Pim Vervaat, who became Group CEO of plastic manufacturing company RPC following five-and-a-half-years as CFO, comments: “Being good at governance, numbers, talking to banks; this alone is not enough to make the transition to CEO. You really need to have an interest in the people and the key strategic drivers of the business.”

A change of mindset will be needed by those who’ve stepped up from a divisional CEO or regional MD role. Leslie Van de Walle, Chairman at building material company SIG, who made the transition from Divisional CEO to Group CEO at United Biscuits, says: “Divisional heads often underestimate the difficulty of always getting the right compromise between the various stakeholder objectives. When you get to group level you have to balance decisions against the needs of the business, the shareholders, the wishes of the board… and the interests of suppliers and customers.”

Carl-Peter Forster, Non-executive Director at engineering company IMI and formerly Group CEO at Tata Motors, says: “You have to move on from being very operationally focused, which most divisional CEOs are, to becoming much more strategic. Leading a group calls for a more indirect way of influencing and motivating people.”

In focus

The pressure of being the public face of the business can come as a shock to the uninitiated. Judith Nicol, Director at executive and non-executive recruitment specialist Warren Partners, says: “Most people at the very top of organisations are absolutely gobsmacked by how much everyone scrutinises them on a daily basis.

“You become the cultural compass and people take in everything from how you’re walking around the building, how you look, your mood… It all becomes so much more important when you’re a chief executive.”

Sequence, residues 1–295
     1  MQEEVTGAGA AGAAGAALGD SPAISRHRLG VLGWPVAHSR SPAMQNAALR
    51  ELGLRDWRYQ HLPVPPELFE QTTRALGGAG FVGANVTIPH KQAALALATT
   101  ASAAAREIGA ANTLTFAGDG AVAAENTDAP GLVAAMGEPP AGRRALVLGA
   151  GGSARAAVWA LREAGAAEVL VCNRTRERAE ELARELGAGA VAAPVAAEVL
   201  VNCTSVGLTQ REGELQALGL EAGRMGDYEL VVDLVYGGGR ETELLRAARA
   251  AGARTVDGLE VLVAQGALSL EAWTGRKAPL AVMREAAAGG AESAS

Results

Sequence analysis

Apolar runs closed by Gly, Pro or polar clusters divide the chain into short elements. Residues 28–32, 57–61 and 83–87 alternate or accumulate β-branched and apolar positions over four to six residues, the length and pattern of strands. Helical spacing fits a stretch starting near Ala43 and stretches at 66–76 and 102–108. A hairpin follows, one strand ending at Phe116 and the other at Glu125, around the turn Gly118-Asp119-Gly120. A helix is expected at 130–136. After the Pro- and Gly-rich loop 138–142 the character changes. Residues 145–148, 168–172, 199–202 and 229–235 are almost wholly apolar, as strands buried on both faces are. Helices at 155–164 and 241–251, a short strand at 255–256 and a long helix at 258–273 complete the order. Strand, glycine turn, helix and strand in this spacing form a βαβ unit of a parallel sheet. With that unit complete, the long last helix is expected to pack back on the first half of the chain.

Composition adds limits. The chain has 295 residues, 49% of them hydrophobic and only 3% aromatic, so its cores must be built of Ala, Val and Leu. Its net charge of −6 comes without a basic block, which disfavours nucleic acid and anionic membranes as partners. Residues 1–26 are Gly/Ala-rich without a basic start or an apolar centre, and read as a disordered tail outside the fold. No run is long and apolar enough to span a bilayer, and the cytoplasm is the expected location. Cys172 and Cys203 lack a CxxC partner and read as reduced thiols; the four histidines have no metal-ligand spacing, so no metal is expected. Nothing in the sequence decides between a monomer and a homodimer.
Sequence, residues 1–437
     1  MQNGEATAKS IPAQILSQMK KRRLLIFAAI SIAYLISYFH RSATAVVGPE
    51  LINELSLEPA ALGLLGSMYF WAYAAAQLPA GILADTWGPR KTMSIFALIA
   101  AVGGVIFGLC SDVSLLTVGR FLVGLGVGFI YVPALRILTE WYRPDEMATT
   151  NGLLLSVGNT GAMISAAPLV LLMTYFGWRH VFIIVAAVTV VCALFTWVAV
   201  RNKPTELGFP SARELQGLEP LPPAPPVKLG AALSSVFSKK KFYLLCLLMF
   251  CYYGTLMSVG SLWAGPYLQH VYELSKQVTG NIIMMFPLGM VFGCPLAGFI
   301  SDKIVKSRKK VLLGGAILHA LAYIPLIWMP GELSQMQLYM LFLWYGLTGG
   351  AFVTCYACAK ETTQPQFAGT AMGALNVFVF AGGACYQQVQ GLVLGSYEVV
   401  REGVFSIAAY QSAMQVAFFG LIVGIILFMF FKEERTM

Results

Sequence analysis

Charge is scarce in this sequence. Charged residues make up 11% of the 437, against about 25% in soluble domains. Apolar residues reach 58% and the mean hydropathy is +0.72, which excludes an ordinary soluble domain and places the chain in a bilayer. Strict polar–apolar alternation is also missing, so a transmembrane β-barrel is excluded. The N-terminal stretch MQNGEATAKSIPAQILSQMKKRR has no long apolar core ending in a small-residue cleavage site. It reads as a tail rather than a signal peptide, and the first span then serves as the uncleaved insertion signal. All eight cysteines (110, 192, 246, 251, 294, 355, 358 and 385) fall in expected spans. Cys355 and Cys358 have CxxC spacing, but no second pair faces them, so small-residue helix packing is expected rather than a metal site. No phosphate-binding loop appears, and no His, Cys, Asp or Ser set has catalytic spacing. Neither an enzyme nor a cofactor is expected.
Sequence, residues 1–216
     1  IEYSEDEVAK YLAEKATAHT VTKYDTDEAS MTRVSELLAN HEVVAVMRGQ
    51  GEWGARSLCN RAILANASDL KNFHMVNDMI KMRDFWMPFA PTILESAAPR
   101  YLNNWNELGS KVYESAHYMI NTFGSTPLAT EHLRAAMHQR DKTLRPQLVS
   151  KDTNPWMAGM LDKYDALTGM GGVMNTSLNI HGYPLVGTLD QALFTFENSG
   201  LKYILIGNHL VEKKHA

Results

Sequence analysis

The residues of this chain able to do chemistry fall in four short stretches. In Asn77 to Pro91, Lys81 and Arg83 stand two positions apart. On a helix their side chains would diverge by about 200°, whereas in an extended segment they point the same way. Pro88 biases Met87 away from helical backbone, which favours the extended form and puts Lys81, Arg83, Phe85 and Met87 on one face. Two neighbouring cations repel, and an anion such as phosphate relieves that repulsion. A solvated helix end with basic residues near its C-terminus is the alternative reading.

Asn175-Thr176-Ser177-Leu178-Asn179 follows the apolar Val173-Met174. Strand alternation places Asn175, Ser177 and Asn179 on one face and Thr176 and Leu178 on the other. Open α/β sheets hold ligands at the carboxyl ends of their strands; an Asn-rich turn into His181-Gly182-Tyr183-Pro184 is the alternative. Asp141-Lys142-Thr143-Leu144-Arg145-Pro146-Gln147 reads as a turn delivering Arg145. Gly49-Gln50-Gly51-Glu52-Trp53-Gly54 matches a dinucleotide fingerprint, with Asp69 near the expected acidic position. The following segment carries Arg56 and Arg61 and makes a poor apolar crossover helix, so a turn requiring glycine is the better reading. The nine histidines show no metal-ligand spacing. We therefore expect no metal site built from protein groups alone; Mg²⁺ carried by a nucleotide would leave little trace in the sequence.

Mike comments: “The UK press is pretty demanding, and that was a challenge, but the biggest struggle I had was in dealing with the government… In the end I had to talk with then Prime Minister Tony Blair to try and get him to understand that this county’s defence equipment base would just disappear unless he adopted a defence industrial strategy.

“In business, you’ve got to look to the long term. I’m afraid a lot of politicians just look to the next election.”

To make it as a Group CEO, you need experience across a range of functions and situations to understand how a business operates. Pim comments: “As CFO you have got to deal with shareholders, the board, and all the stakeholders quite closely already…  Working closely alongside the chief executive in a public company for five years has helped me immensely.”

Likewise, taking on a NED role as an executive will certainly give you valuable insights. Carl-Peter says: “Dealing with the board was certainly something I found to be a bit of a challenge and it was the one area I wasn’t particularly well prepared for… An external NED role would have helped massively because it puts you in a position where you can observe things objectively.”